Playing your first proper live show in a year at the world’s most prestigious festival is, by anyone’s standards, a bit of a gamble. For The Big Moon, the decision to return to the stage and debut material from their second album, Walking Like We Do, during a secret set at Glastonbury 2019 proved to be the latest in a long line of risks that have paid off.
Ever since lead singer Juliette Jackson laid the foundations for the project, back in 2014, the London-based band have consistently gone with their gut, following what feels right rather than what’s easiest. At a time where guitar-based indie had fallen out of favour, they were credited with breathing new life into the genre, and were subsequently awarded a Mercury Music Prize nomination for their 2017 debut, Love in the 4th Dimension. Impressive enough, even before you consider that – at the time of recording – the quartet were simultaneously performing backing band duties on Marika Hackman’s album, I’m Not Your Man.
A shared US tour followed that summer, during which they opened for and played back-up with Hackman every single night. Sat in an East London pub today, bassist Celia Archer still sounds awed recalling the reception they received, especially in the more remote areas of the country. “When you go to Milwaukee and there’s someone wearing your t-shirt, singing your songs…” she trails off, amazed.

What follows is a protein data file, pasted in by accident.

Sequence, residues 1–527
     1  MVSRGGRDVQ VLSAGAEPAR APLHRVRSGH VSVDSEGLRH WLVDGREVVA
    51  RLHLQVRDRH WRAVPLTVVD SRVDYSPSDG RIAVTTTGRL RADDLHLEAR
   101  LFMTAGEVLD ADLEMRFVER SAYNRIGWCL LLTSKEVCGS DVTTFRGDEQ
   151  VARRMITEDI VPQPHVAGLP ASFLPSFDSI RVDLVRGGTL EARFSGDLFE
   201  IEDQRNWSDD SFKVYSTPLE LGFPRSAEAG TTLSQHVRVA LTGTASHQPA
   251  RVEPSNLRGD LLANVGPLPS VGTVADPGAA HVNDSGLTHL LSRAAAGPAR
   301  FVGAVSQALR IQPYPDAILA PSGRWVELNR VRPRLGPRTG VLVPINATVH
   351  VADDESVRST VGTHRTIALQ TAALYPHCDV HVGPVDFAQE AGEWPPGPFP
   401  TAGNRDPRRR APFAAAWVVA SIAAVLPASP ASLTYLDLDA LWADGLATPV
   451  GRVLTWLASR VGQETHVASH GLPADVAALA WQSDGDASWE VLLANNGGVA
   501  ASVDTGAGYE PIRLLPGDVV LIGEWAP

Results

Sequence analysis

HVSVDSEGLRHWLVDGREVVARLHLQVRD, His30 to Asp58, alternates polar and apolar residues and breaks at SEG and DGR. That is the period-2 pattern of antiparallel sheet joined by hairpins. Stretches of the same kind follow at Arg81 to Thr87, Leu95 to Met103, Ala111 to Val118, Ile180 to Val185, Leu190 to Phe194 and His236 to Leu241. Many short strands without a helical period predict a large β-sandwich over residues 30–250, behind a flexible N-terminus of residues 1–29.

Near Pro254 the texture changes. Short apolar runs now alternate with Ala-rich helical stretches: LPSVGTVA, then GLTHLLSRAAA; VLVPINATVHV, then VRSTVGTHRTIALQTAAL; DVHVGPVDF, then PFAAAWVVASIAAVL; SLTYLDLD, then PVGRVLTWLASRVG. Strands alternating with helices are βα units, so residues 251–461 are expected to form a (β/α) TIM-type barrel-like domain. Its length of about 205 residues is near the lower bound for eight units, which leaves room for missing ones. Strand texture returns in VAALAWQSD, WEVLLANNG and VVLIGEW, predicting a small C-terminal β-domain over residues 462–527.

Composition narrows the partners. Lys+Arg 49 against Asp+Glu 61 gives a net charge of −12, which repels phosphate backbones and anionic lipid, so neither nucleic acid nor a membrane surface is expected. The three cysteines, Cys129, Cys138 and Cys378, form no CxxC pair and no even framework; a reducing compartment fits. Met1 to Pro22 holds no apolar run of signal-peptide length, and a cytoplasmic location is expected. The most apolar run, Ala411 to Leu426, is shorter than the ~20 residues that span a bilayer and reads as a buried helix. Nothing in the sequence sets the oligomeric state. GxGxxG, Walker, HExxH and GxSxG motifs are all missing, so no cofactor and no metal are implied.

Even recalling the moment their punishing schedule finally caught up with them, when drummer Fern Ford collapsed during soundcheck in Toronto, they make the experience sound character-building rather than catastrophic. ”My body gave up,” Ford grins. “I was just weeping, and my bones felt about 50 times the weight…” The fact they recall the manifold, minor touring dramas they’ve weathered together while shrieking with laughter, is testament to their friendship, which today is stronger than ever.
That close bond stood them in good stead during the creation of their much-anticipated second album. As per its predecessor, Walking Like We Do was written entirely by Jackson. But where with Love in the 4th Dimension The Big Moon simply set songs they’d been performing live for the best part of two years to tape, this time every single aspect of each new song was undefined and up for debate.